Making the Most of UX Writing Critiques

How one Microsoft team changed the rules of critiques to meet the challenges of their work

Liz Krogh
Liz Krogh
Apr 15 · 4 min read
Image description: Two members of the writing critique group point towards something offscreen.

In my last article, I talked about how our team adapted the design critique process for writing. The philosophy behind design critiques made sense to us, but there were some tactical things we needed to figure out to make this process work for writers. Many of the practices we came up with could be applied to any kind of critique.

Here are the top eight best practices our team developed for adapting design critiques for writing.

1. Make critiques a standing meeting

When we first started holding writing critiques, we wanted the discussion in the meeting to be organic and meaningful, but other aspects of the process needed to be more predictable for our writers to use the meeting as a resource. Holding the meeting at the same time every week helps writers plan for feedback. Not everyone can attend every week, but having predictable meetings helps writers build critiques into their schedules.

2. Call for agenda items before every critique

Our lead UX writer sends an email at the beginning of the week to ask for agenda items for that week’s critique. This nudges writers to think about what they might share that week and ensures everyone has a chance to put something on the agenda. By going in to the meeting with a plan, we can better decide how much time to spend on each text.

3. Do the leg work before critique

We try to avoid using critiques to solve technical or UX design problems. Those conversations should really happen before the meeting so writers can have a productive conversation in the room.

4. Set the context for the copy

Not everyone in the room will have expertise in the product, audience, or scenario related to a text, so we ask writers who share their work in the critique to provide some context. Because we’re writing for humans, we start by explaining the human scenario. Who will see this content? What problem are they trying to solve? What is their workflow? This context helps other writers understand the customer’s perspective, what they may be feeling, what might be confusing for them, and any other relevant information we can use to create copy that helps.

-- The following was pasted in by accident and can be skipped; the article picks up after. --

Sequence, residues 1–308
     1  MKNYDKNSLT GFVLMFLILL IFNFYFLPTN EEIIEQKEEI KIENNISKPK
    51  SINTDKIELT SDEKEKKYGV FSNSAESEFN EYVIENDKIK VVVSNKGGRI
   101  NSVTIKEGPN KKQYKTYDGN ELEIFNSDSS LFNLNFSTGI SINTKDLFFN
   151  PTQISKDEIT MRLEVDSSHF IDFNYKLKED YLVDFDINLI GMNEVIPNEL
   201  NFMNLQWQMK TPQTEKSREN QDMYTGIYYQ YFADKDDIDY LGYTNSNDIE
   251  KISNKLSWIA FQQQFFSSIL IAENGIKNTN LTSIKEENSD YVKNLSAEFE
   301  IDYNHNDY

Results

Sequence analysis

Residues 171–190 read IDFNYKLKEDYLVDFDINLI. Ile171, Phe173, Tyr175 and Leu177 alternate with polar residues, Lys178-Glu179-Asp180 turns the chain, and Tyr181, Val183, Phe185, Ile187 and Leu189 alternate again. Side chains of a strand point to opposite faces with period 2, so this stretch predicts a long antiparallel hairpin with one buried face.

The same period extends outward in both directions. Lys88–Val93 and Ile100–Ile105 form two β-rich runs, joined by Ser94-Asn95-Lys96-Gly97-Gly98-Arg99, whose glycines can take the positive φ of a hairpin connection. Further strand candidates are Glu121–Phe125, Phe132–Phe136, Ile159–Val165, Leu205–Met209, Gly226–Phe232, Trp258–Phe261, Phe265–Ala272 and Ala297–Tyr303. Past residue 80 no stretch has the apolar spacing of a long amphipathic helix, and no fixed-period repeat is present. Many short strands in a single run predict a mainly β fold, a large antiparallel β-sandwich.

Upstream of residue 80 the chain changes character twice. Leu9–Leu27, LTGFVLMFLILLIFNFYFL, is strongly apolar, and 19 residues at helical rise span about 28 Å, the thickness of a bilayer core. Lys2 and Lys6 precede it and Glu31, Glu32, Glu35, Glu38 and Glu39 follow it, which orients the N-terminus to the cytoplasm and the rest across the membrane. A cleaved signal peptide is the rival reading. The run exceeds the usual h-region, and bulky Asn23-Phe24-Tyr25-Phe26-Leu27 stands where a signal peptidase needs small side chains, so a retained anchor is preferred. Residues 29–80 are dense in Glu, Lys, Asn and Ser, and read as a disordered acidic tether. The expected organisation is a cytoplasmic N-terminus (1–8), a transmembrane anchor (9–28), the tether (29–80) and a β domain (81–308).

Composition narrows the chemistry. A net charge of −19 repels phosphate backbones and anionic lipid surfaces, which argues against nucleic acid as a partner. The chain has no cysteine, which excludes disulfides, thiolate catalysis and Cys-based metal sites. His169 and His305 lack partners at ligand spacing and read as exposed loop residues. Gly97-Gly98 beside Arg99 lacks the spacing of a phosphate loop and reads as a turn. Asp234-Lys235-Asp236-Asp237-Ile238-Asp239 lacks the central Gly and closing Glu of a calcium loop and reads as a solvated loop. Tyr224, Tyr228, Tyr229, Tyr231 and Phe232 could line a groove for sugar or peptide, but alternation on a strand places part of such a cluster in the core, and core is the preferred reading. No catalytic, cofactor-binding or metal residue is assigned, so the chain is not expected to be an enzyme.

5. Avoid writing by committee

When we get a group of writers in a room, they often do what they’re good at: they start writing together. While it’s helpful to get ideas and brainstorm possible language to use, we try to avoid spending too much time writing by committee in the meetings. Giving feedback, taking feedback, and walking away with a plan of action is far more important than getting a perfect string in the meeting.

6. Leave your knowledge at the door

One of the goals of our writing critiques is to embody the customer perspective for other writers. If we really want to do that, we need to forget the product and company knowledge we have — at least while we’re in the meeting! It can be challenging to do this, but we need to be careful not to make assumptions about what our customers know and don’t know and provide alternative perspectives in the room. We can only do that effectively when we look at a product experience with fresh eyes.

7. Embrace feedback

When we’re stitching together complex workflows with words, it’s unlikely that any writer will get the words right on the first try every time. Every writer who attends the critique needs to come to the table with an open mind, a willingness to be wrong, and prepared to learn from feedback.

8. Kindness always wins

Even when we completely disagree, we are always respectful and supportive in the room. The writing critique process works best when the people in the room can trust one another and be vulnerable showing their own work.

Do you have other best practices for writing critiques? We’d love to hear them!


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Microsoft Design

Putting technology on a more human path, one design story at a time.

Liz Krogh

Written by

Liz Krogh

Leader of content strategy, knowledge management, learning, and UX programs. Nerd. Former Amazonian and Microsoftie. Views are my own.

Microsoft Design

Putting technology on a more human path, one design story at a time.